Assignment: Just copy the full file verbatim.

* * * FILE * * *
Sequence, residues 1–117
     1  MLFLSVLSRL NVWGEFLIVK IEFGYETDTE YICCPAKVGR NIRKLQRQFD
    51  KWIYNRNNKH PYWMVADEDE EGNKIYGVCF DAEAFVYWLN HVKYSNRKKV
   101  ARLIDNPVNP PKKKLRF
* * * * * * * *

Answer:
Sequence, residues 1–117
     1  MLFLSVLSRL NVWGEFLIVK IEFGYETDTE YICCPAKVGR NIRKLQRQFD
    51  KWIYNRNNKH PYWMVADEDE EGNKIYGVCF DAEAFVYWLN HVKYSNRKKV
   101  ARLIDNPVNP PKKKLRF